Hey Gang. Today I make up for my outrageous post from last week with a classic retouching technique. One in which I take a photograph of a lovely woman and make her skin look wonderfully, reasonably, and altogether realistically smooth.
Here’s the official description from lynda.com:
This week’s free Deke’s Techniques demonstrates a classic skin-surface retouch that keeps important things like the eyes, mouth, and other character-defining detail intact. By judiciously applying a Smart Filter blur to the skin areas, then masking the key defining features, you can ensure your model remains authentic looking (and “recognizable by her own mother,” which is one of my favorite retouching guidelines by noted Photoshop Diva Katrin Eismann).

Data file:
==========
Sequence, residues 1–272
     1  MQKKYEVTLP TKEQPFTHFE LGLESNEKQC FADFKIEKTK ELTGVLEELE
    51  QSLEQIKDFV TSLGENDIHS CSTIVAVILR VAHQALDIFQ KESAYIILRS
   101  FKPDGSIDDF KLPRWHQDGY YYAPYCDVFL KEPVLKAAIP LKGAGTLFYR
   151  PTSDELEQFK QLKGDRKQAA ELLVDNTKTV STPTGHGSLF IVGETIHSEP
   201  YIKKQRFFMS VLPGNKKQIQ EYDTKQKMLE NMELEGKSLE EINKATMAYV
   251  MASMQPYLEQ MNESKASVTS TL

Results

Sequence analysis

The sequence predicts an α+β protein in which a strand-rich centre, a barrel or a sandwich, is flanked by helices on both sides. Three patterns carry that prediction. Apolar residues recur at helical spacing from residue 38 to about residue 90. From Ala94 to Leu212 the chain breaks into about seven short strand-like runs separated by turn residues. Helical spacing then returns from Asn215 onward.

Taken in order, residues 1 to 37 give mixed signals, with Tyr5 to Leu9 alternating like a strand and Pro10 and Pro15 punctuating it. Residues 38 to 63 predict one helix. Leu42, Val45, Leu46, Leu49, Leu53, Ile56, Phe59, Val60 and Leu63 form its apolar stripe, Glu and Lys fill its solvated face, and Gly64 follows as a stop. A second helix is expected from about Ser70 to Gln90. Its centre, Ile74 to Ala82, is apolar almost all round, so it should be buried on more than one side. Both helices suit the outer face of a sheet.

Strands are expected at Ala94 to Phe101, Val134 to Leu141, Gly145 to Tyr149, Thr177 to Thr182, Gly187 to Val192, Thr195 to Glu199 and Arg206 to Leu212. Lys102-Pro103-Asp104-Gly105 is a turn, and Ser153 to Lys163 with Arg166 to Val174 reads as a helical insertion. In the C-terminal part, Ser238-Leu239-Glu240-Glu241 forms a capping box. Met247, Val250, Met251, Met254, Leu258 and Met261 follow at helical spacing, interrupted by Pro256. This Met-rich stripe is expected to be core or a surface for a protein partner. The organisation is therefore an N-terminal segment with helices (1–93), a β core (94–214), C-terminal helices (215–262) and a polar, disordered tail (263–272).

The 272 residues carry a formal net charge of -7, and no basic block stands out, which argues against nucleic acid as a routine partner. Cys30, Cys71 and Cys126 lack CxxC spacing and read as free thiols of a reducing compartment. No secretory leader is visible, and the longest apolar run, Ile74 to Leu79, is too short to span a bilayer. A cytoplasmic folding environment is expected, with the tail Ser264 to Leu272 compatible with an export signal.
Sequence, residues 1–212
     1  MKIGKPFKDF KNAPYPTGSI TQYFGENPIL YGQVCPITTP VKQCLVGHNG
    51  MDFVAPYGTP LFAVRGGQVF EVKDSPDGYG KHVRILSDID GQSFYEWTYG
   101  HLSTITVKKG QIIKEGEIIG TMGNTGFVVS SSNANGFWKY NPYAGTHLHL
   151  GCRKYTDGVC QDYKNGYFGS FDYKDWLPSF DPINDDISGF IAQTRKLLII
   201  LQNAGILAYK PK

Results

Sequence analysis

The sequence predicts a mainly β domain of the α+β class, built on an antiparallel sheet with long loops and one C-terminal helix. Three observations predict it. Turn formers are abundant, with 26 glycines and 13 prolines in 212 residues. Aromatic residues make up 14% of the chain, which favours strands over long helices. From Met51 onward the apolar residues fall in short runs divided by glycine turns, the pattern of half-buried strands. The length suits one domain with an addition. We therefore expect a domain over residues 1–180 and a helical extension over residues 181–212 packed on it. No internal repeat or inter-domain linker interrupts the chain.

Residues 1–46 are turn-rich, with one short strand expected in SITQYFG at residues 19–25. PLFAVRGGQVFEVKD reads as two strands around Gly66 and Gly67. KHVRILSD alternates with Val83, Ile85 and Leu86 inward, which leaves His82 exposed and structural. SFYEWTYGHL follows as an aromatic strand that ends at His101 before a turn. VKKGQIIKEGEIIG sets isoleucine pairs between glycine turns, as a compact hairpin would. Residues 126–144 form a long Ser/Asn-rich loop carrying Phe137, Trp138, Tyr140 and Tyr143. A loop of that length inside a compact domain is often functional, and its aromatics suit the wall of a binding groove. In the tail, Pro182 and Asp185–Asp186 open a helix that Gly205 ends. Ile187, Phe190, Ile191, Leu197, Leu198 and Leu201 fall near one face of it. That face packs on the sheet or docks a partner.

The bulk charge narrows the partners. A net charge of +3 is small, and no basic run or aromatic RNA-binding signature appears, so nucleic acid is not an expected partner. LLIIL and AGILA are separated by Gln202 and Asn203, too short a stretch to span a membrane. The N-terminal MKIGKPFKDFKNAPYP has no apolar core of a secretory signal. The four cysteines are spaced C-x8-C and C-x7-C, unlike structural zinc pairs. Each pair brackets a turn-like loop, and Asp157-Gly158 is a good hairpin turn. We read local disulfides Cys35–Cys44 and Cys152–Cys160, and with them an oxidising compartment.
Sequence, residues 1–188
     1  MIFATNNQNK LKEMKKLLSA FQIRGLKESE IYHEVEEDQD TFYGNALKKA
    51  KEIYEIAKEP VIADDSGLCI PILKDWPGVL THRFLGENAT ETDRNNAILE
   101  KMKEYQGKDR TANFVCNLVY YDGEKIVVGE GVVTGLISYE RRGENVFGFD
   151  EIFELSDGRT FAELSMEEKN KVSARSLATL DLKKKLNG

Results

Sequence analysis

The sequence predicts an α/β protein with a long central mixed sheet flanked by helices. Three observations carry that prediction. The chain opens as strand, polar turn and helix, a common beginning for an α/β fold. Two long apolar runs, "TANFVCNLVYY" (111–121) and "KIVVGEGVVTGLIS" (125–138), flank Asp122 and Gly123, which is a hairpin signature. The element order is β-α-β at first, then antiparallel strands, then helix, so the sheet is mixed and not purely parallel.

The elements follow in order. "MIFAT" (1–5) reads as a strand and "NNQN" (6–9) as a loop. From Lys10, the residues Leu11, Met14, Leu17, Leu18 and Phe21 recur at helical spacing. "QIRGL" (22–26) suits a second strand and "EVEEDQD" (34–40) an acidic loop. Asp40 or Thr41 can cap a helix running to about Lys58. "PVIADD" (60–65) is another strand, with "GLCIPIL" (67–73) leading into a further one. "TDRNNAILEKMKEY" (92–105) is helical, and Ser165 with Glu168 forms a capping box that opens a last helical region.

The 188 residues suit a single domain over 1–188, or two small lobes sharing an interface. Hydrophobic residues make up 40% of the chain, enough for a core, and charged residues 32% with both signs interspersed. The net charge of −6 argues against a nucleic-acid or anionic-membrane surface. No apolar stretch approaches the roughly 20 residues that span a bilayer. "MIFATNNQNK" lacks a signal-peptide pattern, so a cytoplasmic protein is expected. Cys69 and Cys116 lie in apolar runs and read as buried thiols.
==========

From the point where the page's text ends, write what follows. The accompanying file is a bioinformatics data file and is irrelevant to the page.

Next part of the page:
Deke begins by selecting the skin with a new feature of the Color Range command in Photoshop CS6 that allows you to automatically select skin tones. Next, you’ll deselect those key areas that shouldn’t be included like the eyes and mouth before applying the Gaussian Blur filter. The technique doesn’t rely on exact selections; you’ll see how Deke uses the Polygonal Lasso to demark major areas of the face that should be masked from the blur. After scaling back the blur opacity to realistic levels (we all have pores, after all), you can paint back in areas around the nose and eyes that add character.
Here is the before image (left) and the retouched smooth-skin version with all the things that make a face a face still intact (right):
To finish the effect in the final image, members of lynda.com can watch Deke’s exclusive video this week, which shows you how to add vibrancy back to naturally discolored teeth without making them artificially white. It’s sensible retouching week in Deke’s Techniques. And with the flexibility of these techniques, you should adjust to taste when retouching your own portraits.
And Deke will be back with another free technique next week.
Seriously, this might be my most practical Deke’s Techniques ever. Don’t expect this thing all the time. In fact, next week, I promise you nothing practical at all.